The Manchester Murals are a series of twelve paintings by Ford Madox Brown in the Great Hall of Manchester Town Hall and are based on the history of Manchester. Following the success of Brown's painting Work he was commissioned to paint six murals for its Great Hall. Another six murals were to be completed by Frederic Shields who later withdrew, leaving Brown to complete all twelve works. The murals were begun in 1879, towards the end of Brown's career, but were not completed until 1893, the year he died. During this period he moved from London to Manchester with his family, first living in Crumpsall and then Victoria Park.
The murals form part of the decoration of the Great Hall, the central room designed by Alfred Waterhouse.On entering the hall, six murals are on the left hand wall and six on the right, progressing chronologically from the left wall nearest the entrance to the right wall opposite, repeating the basic structure of the scheme of William Bell Scott's murals on the history of Northumbria in Wallington Hall.
The subjects chosen reflect the Victorian ideals through which the history of Manchester was seen, focusing on Christianity, commerce and the textile industry. The artist did a great deal of research to check the details for accuracy and he wrote their descriptions.
Recent commentators have identified satirical and critical features in the compositions which complicate any simple explanation of the paintings as expressions of "Victorian ideals" that the chosen subjects imply. The art historian Julie F. Codell refers to these as the "pratfalls and penultimates" of history, as opposed to its stately progress.
Most of the paintings contain Hogarthian satire (in contrast to Bell Scott's works). In the first picture the wife of the Roman general wearing a blond wig distracts him from his work; their son – a Caligula in the making – kicks an African servant. The painting that seems to celebrate industrial technology, John Kay: Inventor of the Fly Shuttle, depicts the hysterical inventor fleeing from an unruly mob which is bent on destroying the machine. Instead of culminating in the achievement of modern Manchester, the sequence concludes with a rustic scene in a small village. According to Codell, history is portrayed as fragmented, contested, and as ending in a "penultimate" moment. This may be related to Brown's interest in anarchism and William Morris's utopian socialism at the time, but it also arises from disputes about the more modern subjects. Paintings depicting the Peterloo Massacre in 1819 and the end of the Lancashire Cotton Famine in 1865 had been proposed, but were rejected by the council's committee as too controversial.
All but the last four murals were painted directly on to the wall. They were not created using the true fresco process but taking advantage of a Victorian technique, the Gambier Parry process, which was "spirit" based producing a more hard-wearing image. Brown completed the last four murals on canvas, after he had returned to live in London.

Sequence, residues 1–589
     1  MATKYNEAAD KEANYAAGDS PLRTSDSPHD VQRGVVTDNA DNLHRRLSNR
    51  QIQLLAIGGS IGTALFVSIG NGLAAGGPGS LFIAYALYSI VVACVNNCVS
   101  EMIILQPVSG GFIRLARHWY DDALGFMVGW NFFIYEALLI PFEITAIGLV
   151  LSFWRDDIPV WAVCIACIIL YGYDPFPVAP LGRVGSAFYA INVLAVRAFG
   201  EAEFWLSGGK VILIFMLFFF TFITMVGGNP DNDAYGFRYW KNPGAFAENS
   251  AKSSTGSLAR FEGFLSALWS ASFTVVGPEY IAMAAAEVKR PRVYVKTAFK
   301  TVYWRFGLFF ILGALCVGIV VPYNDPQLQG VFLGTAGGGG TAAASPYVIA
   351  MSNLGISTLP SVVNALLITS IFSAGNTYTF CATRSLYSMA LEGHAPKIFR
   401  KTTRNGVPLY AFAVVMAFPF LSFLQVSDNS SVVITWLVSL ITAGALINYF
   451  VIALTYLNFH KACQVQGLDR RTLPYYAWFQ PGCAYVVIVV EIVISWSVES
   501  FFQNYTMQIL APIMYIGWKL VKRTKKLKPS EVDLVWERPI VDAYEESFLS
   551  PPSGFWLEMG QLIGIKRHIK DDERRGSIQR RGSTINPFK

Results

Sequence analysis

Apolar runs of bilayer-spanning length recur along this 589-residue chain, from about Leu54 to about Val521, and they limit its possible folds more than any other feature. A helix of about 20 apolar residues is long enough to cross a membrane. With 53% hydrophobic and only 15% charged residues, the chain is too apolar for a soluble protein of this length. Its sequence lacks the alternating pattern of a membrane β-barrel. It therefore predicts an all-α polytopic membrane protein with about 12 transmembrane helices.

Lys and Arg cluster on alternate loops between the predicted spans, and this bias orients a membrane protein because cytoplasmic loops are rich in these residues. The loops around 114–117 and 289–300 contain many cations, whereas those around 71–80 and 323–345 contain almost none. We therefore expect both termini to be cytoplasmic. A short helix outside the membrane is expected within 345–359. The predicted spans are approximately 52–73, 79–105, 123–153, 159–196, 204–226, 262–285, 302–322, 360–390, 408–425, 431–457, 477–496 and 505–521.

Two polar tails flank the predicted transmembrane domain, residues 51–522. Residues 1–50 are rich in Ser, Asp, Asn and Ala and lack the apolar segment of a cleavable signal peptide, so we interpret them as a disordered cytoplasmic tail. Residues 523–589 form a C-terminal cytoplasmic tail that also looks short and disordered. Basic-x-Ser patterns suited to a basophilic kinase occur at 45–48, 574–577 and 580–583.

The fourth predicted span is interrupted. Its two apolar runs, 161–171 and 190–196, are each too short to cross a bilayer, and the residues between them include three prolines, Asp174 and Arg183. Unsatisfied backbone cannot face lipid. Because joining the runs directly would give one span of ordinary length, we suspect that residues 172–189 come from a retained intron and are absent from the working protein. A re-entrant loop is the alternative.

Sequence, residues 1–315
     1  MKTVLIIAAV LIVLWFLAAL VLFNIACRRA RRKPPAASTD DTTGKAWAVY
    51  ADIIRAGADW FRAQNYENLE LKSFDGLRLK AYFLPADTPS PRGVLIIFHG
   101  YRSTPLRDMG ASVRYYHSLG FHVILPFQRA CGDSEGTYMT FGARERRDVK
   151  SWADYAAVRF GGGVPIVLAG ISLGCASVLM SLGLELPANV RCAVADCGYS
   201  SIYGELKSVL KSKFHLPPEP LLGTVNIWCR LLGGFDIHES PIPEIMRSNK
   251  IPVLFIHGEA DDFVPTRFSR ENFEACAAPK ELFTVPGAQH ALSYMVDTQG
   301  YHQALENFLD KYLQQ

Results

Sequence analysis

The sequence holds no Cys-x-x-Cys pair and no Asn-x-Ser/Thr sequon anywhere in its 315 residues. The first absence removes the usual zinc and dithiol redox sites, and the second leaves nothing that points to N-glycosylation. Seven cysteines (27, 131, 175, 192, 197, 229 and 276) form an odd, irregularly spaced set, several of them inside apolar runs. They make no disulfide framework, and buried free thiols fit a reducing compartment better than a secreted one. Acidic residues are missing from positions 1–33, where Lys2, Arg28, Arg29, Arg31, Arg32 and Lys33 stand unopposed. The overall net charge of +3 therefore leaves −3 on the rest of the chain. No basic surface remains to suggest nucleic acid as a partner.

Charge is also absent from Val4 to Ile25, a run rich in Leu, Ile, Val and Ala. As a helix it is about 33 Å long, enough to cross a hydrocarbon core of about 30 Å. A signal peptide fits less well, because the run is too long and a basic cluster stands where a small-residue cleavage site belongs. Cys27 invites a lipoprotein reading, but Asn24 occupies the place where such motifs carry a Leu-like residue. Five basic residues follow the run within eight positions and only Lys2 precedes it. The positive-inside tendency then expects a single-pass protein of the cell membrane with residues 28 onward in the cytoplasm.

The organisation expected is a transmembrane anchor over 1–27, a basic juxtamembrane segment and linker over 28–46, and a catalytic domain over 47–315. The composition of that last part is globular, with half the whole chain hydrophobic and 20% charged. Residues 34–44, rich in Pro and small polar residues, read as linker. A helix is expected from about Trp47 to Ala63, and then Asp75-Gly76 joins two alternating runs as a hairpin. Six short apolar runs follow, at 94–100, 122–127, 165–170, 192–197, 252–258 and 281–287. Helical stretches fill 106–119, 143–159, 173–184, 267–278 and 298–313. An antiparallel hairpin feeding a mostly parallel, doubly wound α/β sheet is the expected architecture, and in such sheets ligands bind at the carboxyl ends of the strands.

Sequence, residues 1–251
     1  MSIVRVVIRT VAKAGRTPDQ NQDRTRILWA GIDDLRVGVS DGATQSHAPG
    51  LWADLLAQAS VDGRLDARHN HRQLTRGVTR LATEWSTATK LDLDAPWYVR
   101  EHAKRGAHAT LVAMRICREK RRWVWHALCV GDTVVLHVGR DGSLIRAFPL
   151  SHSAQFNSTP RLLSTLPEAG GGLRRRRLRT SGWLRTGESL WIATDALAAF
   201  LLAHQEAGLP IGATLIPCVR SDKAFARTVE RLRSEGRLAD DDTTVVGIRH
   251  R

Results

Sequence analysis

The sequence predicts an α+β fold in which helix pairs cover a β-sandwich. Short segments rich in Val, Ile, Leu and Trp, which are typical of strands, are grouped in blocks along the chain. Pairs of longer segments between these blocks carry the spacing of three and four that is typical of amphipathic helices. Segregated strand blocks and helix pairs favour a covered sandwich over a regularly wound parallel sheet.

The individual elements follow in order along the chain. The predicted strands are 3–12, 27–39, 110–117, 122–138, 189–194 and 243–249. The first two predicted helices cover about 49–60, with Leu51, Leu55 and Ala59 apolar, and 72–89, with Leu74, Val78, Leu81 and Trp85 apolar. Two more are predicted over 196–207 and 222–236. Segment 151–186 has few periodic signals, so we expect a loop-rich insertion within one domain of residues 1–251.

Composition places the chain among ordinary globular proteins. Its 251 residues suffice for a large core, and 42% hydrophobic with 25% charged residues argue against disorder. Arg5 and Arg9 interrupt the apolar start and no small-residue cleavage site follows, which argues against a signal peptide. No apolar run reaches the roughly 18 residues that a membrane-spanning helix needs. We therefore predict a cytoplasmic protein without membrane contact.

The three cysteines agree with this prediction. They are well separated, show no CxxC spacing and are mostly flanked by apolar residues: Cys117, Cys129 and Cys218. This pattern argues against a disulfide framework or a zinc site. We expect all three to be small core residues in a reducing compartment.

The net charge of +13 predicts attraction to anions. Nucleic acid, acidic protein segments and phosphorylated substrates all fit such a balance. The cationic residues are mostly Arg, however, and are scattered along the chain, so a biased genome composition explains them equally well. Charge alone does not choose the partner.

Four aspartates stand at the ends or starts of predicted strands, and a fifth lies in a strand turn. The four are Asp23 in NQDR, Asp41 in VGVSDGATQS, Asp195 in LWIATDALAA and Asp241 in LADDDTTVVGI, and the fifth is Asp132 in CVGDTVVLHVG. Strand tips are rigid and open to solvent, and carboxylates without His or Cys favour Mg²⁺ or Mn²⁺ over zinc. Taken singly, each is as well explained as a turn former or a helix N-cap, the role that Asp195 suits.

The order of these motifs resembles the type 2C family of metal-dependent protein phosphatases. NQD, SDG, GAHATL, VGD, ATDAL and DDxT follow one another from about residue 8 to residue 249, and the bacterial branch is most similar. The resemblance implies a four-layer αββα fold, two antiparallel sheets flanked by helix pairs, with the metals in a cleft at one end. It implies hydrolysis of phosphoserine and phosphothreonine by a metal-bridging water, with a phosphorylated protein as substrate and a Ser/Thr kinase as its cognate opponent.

|The Romans Building a Fort at Mancenion|
The mural depicts the building of a Roman fort by enslaved Britons while a Roman general gives the orders. The fort, now known as Mamucium , was at what is now the area of Castlefield, near the centre of Manchester.
|The Baptism of Edwin|
The mural depicts the baptism of Edwin of Northumbria, who was also king of Deira which included the Manchester area, at York, watched by his Christian wife Ethelburga and family.
|The Expulsion of the Danes from Manchester|
The mural depicts the retreat of the Danes from Manchester – showing soldiers carrying their general on a stretcher.
|The Establishment of Flemish Weavers in Manchester A.D. 1363|
Queen Philippa of Hainault greets Flemish weavers who were invited to England under Edward III of England's act of 1337.
|The Trial of Wycliffe A.D. 1377|
|The Proclamation regarding Weights and Measures A.D. 1556|
In 1556, Manchester's Court passed an edict directing that "The Burgess and others of the Town of Manchester shall send in all manner of Weights and Measures to be tried by their Majesties standard."
|Crabtree watching the Transit of Venus A.D. 1639|
William Crabtree, a draper who lived in Broughton, was asked by a curate friend, Jeremiah Horrocks, to observe the Transit of Venus, on 24 November 1639. Crabtree's diligence and rigour enabled him to correct Horrocks' faulty calculations and to observe the transit on 4 December.
|Chetham's Life's Dream A.D. 1640|
The mural depicts merchant philanthropist Humphrey Chetham's dream of the charity school for poor boys founded in his will of 1653, which became Chetham's School of Music in 1969. Chetham is portrayed studying his will to the right of the painting.
|Bradshaw's Defence of Manchester A.D. 1642|
During the English Civil War, Manchester was besieged by Royalist troops under the command of Lord Strange. It was, however, John Rosworm, not John Bradshaw as depicted, who defended the town.
Ths was the last of the paintings to be completed. It is not strictly a mural, since Brown was by this time too frail to work in the hall. It was painted on canvas and adhered to the wall.
|John Kay, Inventor of the Fly Shuttle A.D. 1753|
The invention, by John Kay, of the flying shuttle revolutionised weaving. The mural depicts rioters, who feared their jobs were in danger, breaking in to destroy the loom, while Kay is being smuggled to safety.
|The Opening of the Bridgewater Canal A.D. 1761|
The 3rd Duke of Bridgewater owned coal mines in Worsley, and collaborated with engineer James Brindley to build the Bridgewater Canal to carry coal into Manchester. The Duke is shown standing on a barge decorated with flags of his coat of arms, observing the launch of the first coal barges on his new canal. He is accompanied by Brindley and the Earl and Countess of Stamford.
|Dalton collecting Marsh-Fire Gas|
The mural depicts the scientist John Dalton collecting gases. His studies led to the development of atomic theory.